Red Panda

Red panda at Wingham Wildlife Park

Red Panda Natural History

On average an adult Red Panda reaches lengths of between 78 cm and 115 cm, although up to half of this may be made up by their tail.  They can weigh between 3 and 6 kg.

Habitat and Distribution
The Himalayan foothills make up the habitat of this species, where they can be found from Nepal through to China, with Bhutan, Burma, India and Tibet in between.  It seems to prefer mountainous areas (being found at up to 4,800 meters above sea level, where it lives in trees and dense bamboo growth.

In the wild they may live to be 8 years, however in captivity 15 to 18 years is not uncommon.

The majority of their diet is made up to bamboo but they will also eat a variety of flowers, leaves, fruits, bark, eggs and small animals.

Groups and Breeding
Most of the time these animals are solitary in the wild, however pairs will often live quite happily with one another in captivity.  The mating season for this species is January to March and after a 112 day to 158 day gestation the female will give birth to up to 4 cubs.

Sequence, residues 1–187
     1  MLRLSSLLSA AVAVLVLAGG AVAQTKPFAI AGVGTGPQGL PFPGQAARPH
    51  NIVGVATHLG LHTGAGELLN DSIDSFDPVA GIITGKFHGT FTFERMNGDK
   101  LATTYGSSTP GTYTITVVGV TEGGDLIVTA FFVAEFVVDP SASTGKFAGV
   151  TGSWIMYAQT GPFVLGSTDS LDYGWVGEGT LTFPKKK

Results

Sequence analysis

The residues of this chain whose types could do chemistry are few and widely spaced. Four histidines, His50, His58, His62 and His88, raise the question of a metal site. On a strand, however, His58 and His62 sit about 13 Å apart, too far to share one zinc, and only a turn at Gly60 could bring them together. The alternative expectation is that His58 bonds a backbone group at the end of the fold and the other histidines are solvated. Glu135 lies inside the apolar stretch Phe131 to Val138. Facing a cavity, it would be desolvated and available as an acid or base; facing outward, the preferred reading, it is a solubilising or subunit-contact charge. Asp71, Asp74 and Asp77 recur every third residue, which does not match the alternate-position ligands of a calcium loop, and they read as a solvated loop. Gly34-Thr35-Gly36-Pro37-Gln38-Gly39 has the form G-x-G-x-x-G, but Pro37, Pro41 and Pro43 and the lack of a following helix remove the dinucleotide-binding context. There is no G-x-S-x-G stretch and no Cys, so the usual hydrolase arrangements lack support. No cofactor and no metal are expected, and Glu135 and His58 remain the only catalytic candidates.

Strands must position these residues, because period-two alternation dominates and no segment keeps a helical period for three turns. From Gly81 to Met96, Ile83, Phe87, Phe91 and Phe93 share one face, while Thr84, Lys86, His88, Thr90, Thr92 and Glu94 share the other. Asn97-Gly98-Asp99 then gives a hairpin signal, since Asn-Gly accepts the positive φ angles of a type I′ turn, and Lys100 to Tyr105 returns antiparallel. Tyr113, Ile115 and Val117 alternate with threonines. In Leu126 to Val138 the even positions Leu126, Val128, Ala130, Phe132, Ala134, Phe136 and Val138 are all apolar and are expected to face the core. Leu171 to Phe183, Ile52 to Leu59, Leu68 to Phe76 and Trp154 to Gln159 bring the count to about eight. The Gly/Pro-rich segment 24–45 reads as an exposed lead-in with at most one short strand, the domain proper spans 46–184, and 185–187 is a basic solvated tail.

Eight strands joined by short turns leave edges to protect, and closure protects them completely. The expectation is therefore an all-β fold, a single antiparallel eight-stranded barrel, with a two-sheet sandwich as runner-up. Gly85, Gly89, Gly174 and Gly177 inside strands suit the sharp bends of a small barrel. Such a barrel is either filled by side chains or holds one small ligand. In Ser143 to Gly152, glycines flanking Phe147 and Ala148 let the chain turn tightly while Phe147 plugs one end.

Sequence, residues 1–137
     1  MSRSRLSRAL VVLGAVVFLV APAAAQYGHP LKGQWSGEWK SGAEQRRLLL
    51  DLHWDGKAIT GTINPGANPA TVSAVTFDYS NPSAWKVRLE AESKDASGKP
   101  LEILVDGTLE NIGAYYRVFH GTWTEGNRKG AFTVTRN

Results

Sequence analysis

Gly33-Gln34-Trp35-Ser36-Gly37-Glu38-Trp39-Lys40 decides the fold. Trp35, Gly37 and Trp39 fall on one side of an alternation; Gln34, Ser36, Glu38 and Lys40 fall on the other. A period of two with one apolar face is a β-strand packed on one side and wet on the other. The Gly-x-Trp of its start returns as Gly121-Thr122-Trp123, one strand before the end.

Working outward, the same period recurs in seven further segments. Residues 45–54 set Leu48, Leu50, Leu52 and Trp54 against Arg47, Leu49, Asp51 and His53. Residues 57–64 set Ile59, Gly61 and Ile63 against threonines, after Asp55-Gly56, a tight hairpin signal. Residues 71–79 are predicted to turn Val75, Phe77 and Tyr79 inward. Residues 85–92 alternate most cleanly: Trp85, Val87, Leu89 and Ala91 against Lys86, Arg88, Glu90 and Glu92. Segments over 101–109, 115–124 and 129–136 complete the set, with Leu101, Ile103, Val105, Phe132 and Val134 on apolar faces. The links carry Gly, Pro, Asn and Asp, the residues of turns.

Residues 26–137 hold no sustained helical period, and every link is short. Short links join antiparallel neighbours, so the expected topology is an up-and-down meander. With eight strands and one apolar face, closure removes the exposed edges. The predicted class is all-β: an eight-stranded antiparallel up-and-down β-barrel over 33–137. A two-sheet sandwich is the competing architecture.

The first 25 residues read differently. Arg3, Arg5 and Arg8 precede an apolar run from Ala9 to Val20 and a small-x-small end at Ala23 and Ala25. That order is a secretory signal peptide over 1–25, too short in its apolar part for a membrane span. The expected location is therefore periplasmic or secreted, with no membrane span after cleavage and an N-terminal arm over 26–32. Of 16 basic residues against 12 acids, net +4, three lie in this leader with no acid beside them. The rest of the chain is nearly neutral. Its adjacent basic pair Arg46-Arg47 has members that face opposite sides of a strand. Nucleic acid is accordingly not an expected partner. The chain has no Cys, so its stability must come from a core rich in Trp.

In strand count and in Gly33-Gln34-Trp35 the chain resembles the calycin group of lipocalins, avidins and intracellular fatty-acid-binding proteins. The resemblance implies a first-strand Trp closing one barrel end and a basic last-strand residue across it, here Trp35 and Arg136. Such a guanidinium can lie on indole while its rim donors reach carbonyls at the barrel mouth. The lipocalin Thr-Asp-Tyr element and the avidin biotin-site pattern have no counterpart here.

This species is endangered in the wild, with the main threats it faces being caused by humans.  This species was often heavily hunted for its beautiful fur, and while this still occurs it is no longer as common as it once was.  Humans are still however encroaching on their range and destroying their habitat, which is now their biggest threat.

Interesting facts
The Red Panda belongs in to a family of its own and even though shares its name, is not related to the Giant Pandas.  It is more closely (although this is still a very distance relation) to the Weasels, Badgers, Skunks and Otters of the Mustelids superfamily.

During Your Day Out in Kent

At Wingham Wildlife Park we currently have one female red panda named Mai Xlang. Mai is often relaxing in the tree in her enclosure but will often come down for the keeper feed and talk at 1.30 each day. Back in 2015 Mai gave birth to two male cubs, which have now moved to Gaia zoo in the Netherlands. She is a part of an EEP (European Endangered Species Program) which we work closely with to conserve this species in captivity.

We supplement her diet with a specialist diet (giving them the nutrients they would get from such vast amounts of bamboo in the wild) called Panda Cakes.